Sacred Geometry of the Earth (Paperback)

The Ancient Matrix of Monuments and Mountains

By Mark Vidler, Catherine Young, Rand Flem-Ath (Foreword by)

Inner Traditions, 9781620554685, 288pp.

Publication Date: February 1, 2016

List Price: 18.95*
* Individual store prices may vary.

Description

Identifies the patterns of our planet’s design within the natural landscape

• Explains the geometry inherent in the mountains and coasts on all continents

• Reveals how ancient monuments were built to reflect and enhance the Earth’s design, often connecting sites around the world

• Includes detailed maps that show the simple geometrical relationships among the world’s mountains, coastlines, islands, and ancient monuments

From continent to continent across the globe, Mark Vidler and Catherine Young reveal that order is everywhere on Earth. On remote islands, soaring summits, and level deltas, they unveil natural topographic patterns related to pi, the golden ratio, and right-triangle geometry. And as the planet’s design emerges, it becomes clear that this hidden order in nature decided the location of ancient monuments the world over.

Through detailed maps, Vidler and Young show how the locations of megalithic monuments reflect and enhance a natural pattern on the Earth that connects its major features. The rows of standing stones at Carnac in France, for example, point to the summits of Mount Everest and K2, and Angkor Wat in Cambodia is on a straight line joining Mount Kilimanjaro in Africa and the tip of Cape Comorin in India. The authors examine the geography of many islands and each continent, including Antarctica, to show how the highest peak on each landmass falls on a line connecting coastal extremes. They reveal how circles of standing stones and man-made mounds mark intersections of these lines. They explore the connection between the Nazca lines in Peru and the Amazon, Nile, and Ganges deltas and explain how the locations of the Giza pyramids, Stonehenge, and Machu Picchu are integrated into the natural design on Earth.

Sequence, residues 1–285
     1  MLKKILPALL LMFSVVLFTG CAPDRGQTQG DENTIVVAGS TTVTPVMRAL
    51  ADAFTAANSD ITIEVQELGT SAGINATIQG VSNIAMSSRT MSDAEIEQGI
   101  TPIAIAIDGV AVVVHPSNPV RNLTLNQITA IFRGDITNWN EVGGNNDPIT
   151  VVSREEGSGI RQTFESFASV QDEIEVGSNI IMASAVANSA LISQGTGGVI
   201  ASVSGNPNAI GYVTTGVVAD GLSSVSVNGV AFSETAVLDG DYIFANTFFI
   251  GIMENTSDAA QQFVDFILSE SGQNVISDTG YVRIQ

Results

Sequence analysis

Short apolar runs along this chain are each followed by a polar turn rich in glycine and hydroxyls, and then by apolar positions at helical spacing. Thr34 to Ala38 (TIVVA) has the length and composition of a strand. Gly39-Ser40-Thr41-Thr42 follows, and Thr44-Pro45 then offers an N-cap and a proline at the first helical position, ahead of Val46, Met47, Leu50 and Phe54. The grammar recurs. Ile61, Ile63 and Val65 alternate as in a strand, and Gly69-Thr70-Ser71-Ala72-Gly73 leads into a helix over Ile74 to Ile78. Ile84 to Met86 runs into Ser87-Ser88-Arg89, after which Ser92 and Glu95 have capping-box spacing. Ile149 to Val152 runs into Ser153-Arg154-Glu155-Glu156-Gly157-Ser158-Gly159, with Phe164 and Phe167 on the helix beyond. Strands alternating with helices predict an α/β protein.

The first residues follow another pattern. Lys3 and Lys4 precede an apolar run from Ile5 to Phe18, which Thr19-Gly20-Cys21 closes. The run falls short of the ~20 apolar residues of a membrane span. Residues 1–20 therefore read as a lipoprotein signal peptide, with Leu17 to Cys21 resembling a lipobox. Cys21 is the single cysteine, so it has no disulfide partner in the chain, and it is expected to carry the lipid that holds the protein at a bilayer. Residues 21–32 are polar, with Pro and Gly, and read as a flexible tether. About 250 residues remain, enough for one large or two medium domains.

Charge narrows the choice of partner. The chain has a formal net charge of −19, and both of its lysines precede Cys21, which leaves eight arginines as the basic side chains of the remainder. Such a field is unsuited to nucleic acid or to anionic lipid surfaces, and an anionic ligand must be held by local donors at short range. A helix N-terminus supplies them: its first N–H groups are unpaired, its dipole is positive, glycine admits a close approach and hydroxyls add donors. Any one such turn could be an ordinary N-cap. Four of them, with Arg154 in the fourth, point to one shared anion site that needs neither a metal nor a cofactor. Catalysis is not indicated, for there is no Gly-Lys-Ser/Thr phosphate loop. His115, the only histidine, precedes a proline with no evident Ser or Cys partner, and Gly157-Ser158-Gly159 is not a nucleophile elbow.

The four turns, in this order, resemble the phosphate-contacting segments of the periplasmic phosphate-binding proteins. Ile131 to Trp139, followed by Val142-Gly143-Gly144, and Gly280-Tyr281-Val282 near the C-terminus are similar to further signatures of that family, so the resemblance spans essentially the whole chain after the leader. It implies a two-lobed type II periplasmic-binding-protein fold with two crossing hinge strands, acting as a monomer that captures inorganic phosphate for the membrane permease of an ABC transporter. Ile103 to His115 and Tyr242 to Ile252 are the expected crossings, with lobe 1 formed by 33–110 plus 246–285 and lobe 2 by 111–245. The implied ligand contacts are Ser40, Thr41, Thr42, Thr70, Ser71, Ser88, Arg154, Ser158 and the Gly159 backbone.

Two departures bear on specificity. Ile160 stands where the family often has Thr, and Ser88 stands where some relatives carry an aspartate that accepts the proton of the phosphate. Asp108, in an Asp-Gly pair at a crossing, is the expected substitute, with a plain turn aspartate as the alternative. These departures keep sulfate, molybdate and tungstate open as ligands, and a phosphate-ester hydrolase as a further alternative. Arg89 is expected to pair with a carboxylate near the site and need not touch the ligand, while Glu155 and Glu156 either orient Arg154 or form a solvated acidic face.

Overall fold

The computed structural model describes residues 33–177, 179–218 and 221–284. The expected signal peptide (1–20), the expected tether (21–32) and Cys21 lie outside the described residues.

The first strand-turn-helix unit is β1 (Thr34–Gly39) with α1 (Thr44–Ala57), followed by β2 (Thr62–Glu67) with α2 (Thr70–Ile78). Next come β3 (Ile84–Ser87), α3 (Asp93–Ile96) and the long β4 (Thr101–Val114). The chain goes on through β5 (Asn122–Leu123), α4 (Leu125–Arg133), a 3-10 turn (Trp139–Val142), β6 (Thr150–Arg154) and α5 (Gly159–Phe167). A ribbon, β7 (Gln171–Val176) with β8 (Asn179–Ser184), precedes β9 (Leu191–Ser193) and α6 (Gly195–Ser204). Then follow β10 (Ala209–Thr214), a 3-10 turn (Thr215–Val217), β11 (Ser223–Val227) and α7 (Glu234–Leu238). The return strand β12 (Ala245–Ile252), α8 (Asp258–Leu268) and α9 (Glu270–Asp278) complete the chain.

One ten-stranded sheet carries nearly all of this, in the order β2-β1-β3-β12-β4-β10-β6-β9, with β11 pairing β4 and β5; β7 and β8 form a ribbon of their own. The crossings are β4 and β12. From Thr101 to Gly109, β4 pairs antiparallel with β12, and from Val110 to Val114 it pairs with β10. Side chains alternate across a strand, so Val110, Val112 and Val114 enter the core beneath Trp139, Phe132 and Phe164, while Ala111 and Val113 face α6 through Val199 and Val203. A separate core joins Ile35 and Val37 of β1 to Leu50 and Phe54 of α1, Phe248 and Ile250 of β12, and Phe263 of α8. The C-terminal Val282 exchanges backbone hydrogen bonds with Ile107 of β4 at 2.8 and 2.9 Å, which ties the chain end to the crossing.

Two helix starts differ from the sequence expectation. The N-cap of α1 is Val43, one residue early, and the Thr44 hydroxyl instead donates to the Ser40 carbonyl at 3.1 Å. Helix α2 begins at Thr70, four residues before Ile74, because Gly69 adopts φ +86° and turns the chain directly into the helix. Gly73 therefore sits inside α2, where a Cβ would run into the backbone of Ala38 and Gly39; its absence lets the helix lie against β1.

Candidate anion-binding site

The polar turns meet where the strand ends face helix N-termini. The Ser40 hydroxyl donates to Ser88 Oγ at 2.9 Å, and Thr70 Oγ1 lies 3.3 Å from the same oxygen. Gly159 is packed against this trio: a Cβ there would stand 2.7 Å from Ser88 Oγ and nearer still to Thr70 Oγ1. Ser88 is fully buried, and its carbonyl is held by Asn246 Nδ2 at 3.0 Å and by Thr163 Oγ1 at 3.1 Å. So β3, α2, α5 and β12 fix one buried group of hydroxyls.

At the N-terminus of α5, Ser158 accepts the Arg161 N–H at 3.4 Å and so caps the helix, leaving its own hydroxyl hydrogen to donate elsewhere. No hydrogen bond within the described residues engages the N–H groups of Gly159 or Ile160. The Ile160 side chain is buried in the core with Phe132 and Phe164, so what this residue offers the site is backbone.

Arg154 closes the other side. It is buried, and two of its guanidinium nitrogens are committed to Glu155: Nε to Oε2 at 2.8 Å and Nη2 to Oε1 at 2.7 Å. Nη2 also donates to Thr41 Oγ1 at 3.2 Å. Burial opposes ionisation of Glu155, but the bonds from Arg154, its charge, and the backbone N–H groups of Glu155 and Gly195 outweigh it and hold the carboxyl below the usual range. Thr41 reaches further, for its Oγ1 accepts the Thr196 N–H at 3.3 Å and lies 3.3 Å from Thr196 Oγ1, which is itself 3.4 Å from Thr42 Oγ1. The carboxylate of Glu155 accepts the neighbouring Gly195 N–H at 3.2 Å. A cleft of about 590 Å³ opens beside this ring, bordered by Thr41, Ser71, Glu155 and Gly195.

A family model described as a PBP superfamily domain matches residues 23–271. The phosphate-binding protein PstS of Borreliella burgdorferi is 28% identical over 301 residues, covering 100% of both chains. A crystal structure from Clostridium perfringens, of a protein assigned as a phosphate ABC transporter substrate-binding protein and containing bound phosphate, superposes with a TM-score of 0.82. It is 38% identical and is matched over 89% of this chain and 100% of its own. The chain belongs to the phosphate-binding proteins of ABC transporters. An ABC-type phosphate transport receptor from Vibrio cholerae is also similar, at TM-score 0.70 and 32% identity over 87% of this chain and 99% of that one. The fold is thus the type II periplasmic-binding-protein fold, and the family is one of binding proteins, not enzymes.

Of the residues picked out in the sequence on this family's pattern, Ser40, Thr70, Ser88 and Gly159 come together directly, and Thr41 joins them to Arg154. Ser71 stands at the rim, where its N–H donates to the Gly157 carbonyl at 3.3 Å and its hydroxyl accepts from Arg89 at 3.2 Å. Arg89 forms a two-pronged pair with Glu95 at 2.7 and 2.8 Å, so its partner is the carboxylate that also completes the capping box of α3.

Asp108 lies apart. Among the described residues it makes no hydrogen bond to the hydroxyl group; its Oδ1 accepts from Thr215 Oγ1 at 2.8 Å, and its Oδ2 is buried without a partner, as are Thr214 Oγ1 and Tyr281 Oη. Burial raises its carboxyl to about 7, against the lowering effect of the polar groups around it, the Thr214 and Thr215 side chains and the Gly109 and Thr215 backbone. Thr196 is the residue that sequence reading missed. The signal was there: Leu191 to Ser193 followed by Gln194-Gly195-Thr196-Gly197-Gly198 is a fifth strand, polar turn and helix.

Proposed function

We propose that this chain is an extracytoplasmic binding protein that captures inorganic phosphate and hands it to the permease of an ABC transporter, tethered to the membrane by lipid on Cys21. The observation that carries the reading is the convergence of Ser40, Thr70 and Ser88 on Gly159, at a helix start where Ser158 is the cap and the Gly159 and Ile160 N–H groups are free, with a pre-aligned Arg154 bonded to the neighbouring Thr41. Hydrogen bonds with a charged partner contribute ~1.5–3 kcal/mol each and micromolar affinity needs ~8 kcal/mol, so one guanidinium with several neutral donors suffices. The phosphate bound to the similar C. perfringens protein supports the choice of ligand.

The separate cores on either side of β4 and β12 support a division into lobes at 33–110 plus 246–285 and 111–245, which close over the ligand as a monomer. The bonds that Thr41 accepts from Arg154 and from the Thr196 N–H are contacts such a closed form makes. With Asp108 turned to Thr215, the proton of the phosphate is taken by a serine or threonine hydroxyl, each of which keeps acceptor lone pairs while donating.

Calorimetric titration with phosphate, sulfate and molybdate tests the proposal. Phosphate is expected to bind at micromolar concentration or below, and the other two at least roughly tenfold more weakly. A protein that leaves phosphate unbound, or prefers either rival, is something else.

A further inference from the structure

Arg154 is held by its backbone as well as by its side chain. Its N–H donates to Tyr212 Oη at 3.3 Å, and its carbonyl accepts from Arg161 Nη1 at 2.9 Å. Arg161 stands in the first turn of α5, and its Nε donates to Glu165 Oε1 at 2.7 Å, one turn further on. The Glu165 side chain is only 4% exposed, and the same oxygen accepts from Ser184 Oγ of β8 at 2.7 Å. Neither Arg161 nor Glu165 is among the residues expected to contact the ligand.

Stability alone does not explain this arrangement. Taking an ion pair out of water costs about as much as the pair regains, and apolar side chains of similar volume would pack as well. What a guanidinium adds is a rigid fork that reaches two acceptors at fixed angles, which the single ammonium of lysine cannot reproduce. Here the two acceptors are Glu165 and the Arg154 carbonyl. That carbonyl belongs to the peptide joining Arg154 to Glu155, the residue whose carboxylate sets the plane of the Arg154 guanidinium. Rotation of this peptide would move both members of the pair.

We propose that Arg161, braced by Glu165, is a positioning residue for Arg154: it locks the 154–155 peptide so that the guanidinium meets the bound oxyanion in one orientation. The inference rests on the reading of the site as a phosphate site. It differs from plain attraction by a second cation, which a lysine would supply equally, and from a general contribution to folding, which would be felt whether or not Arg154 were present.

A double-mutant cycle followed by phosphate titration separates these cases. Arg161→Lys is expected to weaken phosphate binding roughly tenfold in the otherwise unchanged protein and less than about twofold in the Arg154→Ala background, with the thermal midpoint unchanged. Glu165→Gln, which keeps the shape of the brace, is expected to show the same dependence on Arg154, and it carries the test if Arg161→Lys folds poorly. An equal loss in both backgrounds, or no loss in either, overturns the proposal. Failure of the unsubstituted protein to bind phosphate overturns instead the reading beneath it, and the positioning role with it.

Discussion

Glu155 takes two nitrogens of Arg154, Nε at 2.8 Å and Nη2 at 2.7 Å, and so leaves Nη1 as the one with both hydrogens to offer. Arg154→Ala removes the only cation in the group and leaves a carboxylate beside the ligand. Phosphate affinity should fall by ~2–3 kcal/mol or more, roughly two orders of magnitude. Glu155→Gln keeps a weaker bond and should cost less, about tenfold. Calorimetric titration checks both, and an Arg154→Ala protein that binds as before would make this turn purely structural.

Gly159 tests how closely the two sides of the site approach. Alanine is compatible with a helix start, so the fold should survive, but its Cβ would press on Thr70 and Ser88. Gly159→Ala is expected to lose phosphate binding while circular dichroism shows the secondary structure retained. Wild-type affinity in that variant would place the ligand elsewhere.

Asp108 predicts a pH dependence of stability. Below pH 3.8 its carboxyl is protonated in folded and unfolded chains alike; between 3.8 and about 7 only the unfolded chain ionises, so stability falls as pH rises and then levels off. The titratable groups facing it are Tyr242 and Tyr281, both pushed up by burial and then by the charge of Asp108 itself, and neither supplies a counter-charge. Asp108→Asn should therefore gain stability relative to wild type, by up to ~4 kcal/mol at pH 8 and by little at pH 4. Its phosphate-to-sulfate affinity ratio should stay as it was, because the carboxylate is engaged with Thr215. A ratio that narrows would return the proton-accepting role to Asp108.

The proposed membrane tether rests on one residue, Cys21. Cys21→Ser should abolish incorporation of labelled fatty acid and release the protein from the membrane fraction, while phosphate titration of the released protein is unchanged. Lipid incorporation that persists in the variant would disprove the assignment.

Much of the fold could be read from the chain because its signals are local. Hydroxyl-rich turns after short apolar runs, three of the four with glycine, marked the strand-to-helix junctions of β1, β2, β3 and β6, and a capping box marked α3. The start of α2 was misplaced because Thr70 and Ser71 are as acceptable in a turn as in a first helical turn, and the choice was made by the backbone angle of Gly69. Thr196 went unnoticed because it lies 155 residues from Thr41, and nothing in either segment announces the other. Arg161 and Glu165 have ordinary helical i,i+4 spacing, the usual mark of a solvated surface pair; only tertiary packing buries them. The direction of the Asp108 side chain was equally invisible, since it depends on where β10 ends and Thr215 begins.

As they uncover geometric patterns on the Earth line by line, point by point, the authors reveal how the world’s ancient monuments represent a form of transglobal communication that far predates the written word.


About the Author

Mark Vidler is an artist, designer, and carpenter who studied at the Hornsey School of Art, the Polytechnic of Central London, and Bath Academy. The author of The Star Mirror, he has studied early history and the stellar alignments of ancient monuments since 1994. He lives in Bradford-on-Avon, Wiltshire, U.K.

Catherine Young spent her childhood in Africa, Italy, and Austria before graduating from Bristol University in England. She teaches English at a school in Wiltshire and lives in Bradford-on-Avon, Wiltshire, U.K.

Rand Flem-Ath is a librarian and coauthor of The Atlantis Blueprint. He has appeared on the History Channel, the Discovery Channel, NBC, CBC, and the BBC as well as on numerous radio shows. He lives on Vancouver Island in British Columbia.


Praise For Sacred Geometry of the Earth: The Ancient Matrix of Monuments and Mountains

“The intriguing theories of Catherine Young and Mark Vidler concerning the coincidence of prominent landscape features shown in their juxtapositions to express mathematical ratios in terms of nautical miles should not be dismissed.”
— John Neal, author of Measuring the Megaliths and The Structure of Metrology

“An astonishing piece of work and utterly compelling.”
— Allan Brown, illustrator and contributor to How the World Is Made

“Authors Mark Vidler and Catherine Young, in a book loaded with photographs and illustrations, detail how ancient and distant man-made sites and mountain peaks across our planet's landscape curiously interconnect across the vast globe into various geometric patterns. From the Giza pyramids, Stonehenge, Machu Pichu, the standing stones of Carnac, Angkor Wat, and numerous other significant locations, the authors illustrate and explain the curious geographical correlations and search for meanings and explanations to try and explain these widespread patterns.”
— AP Magazine, Brent Raynes, March 2016